The $3.5-billion Baha Mar project, set on 1,000 acres along Cable Beach in Nassau, Bahamas, was an ambitious project from the start, with a four-year development timeline. That is compared to the 12-year phased development of Atlantis Paradise Island Bahamas.
The complex was to include a 1,000-room casino hotel with a 100,000-square-foot Las Vegas-style casino, a 700-room Grand Hyatt, a 200-room Rosewood hotel and a 300-room SLS LUX. A fifth hotel from Morgans Hotel Group was also slated, but Morgans pulled the plug on the project in April 2014 citing a management dispute.
That was one of the early signs of trouble. The entire development was slated to open in December. That date came and went. A March opening was then announced, but it too didn't come to fruition. Now, it's anyone's guess when the mega-resort will officially be open for business.
The problems stem from dismal planning and broken trust between three main entities: the resort's developer, Baha Mar Ltd., the resort's primary lender, China's Export-Import Bank, which financed the project with a $2.5-billion loan, and the resort's builder, the China State Construction Engineering Corporation.
The project, which got underway in 2011, is now facing mounting trouble. Construction came to a grounding halt after Chinese construction workers walked off the job, saying they were owed back pay. The delays proved too much for the developers, headed by local businessman Sarkis Izmirlian, who were compelled to file for bankruptcy protection, citing the the delays.
More recently, the project sustained another blow when Rosewood petitioned to pull out of the project, citing "numerous incurable defaults' on the original contract signed with Baha Mar in 2011." Rosewood specifically argued that the developer did not have enough money to uphold its obligations under the contract.
In the latest turn, Baha Mar Ltd. filed a plan outlining the way the stalled project could restructure in chapter 11. According to The Wall Street Journal, the structure of the proposed plan swaps the ownership of Baha Mar for new financing, meaning whoever finances the project will end up owning the resort.
Baha Mar has estimated that it will require at least $300 million more to complete the project. Another proposal had the bank teaming up with the project’s contractor, China Construction America Inc., to fund the completion. Of note, the proposal pushes China Construction out of the project by rejecting the company’s contract and canceling its current $150-million equity stake.
Trouble in Paradise
The saga is a reminder that projects—large or small—take trust, communication and smart planning.
"Development of a large-scale, master-planned resort situated in a foreign island nation is challenging and carries a substantial amount of risk," said Daniel Lesser, president and CEO of LW Hospitality Advisors, a New York based hospitality advisory firm. "In the case of Baha Mar, the fact that the financing and construction contractor of the project are based in another foreign-situated country half way around the world further exacerbated the risk profile of the development."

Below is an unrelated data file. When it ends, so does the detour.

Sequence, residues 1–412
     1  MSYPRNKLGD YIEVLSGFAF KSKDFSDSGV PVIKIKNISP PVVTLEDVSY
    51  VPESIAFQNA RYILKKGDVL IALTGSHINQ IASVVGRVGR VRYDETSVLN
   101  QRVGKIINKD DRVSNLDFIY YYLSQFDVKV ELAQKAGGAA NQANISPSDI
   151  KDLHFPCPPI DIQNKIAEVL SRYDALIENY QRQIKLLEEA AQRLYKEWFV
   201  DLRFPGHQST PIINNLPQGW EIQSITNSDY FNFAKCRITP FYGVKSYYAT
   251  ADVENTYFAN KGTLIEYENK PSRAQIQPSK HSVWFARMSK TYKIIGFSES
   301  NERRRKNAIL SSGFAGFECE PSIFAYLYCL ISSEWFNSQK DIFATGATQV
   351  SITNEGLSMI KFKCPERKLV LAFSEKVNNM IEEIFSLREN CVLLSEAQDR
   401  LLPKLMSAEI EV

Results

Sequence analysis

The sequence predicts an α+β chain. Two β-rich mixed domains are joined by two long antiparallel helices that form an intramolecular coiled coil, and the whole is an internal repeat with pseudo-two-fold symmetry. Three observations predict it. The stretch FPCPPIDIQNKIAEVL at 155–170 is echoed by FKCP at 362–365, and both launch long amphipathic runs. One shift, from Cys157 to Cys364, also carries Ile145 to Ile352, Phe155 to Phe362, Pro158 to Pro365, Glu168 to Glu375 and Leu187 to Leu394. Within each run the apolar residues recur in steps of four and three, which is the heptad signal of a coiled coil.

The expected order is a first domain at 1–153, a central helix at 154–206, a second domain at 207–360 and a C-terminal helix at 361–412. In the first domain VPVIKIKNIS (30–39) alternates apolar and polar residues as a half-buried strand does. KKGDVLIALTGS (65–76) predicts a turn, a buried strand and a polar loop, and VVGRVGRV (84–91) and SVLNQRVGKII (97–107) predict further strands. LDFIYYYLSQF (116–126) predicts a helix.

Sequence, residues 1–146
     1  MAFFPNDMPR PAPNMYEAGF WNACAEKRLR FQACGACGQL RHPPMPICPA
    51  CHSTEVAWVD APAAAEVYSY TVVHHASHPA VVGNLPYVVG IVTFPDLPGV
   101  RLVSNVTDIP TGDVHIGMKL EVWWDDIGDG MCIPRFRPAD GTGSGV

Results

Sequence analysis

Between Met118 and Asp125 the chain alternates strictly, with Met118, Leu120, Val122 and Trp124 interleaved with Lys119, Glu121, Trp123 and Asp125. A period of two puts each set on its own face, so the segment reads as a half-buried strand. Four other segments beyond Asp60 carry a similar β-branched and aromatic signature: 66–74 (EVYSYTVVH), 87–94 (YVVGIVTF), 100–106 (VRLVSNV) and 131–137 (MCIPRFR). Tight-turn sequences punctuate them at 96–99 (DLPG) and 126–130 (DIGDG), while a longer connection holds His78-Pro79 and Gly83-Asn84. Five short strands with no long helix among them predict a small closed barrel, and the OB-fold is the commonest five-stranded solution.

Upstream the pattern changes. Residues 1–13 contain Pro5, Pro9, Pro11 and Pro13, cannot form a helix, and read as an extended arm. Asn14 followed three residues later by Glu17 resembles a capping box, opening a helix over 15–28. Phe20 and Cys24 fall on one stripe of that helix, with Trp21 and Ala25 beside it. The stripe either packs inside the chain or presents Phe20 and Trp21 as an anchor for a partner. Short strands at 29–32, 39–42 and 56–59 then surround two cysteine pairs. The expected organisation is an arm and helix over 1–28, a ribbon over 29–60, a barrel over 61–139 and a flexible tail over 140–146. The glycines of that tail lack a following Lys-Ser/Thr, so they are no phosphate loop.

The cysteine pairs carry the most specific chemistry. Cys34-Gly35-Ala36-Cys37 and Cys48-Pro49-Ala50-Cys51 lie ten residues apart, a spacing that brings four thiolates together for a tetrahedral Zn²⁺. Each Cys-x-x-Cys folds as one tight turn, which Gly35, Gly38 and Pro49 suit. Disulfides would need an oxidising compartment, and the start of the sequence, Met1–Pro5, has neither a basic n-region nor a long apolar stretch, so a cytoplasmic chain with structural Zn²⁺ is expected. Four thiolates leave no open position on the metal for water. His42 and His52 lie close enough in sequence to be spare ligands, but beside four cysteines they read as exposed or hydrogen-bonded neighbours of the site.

With various moving parts, it's no surprise when a development of this sort goes off the rails. "Projects of this magnitude require a huge degree of continuity and trust between governments, developers and contractors and a recognition that failure will result in economic and reputational damage to all parties," Lesser continued. "Furthermore, the fact that Baha Mar’s hotels include five different hotel operators created more obstacles when compared with the notion of having one management company responsible for day to day operations."
Additional obstacles include the fact that the ownership holding company of the project is domiciled in the U.S., a nation with laws and regulations that differ from those in the Bahamas.
"Based on its conceptual innovation and the quality of its hotel brands and core amenities, intuitively Baha Mar should succeed," Lesser said with a glimmer of hope. "However, the lengthy bitter disputes, construction delays and cost overruns will most likely result in several write-downs before the project becomes financially feasible."
Risk Aversion and Solutions
So, what can developers do to ensure that these problems never arise in the first place? As Sam Cicero, Sr., founder of Cicero's Development Corporation, points out, uncertainty can lead to risk and realized risks can lead to project failure. "Thus, it is critical for project managers to understand the relationship between risk and the success or failure of projects."
Cicero outlines four fundamentals for disaster aversion:
1. Early team involvement
2. Proper planning
3. Project management procedures
4. Good and consistent team communications
While there are variables that can derail a project, sticking to these basic fundamentals can save and deliver projects.
How foreign investors can better and more smartly work within North America will be the focal point of the North America Tourism & Hospitality Investment Conference (NATHIC), Nov. 4-6, at the Fontainebleau Miami Beach. An opening keynote by Barry Johnson, the founding executive director of SelectUSA, will discuss North American foreign direct investment trends, challenges and opportunities, both from a general perspective as well as specifically for the hospitality sector.
Closing the show will be hospitality icon Leland Pillsbury, the co-founder and chairman of Thayer Lodging Group. He will share his investment philosophy, which centers on proactive investment, and, conversely, the pitfalls of being a passive investor.
In a can't-miss session, senior-level hotel investors will discuss "The 5 Ws of Foreign Direct Investment in North America," a panel that will showcase cross-border investment as today's biggest hotel real estate story and how investors can succeed within it.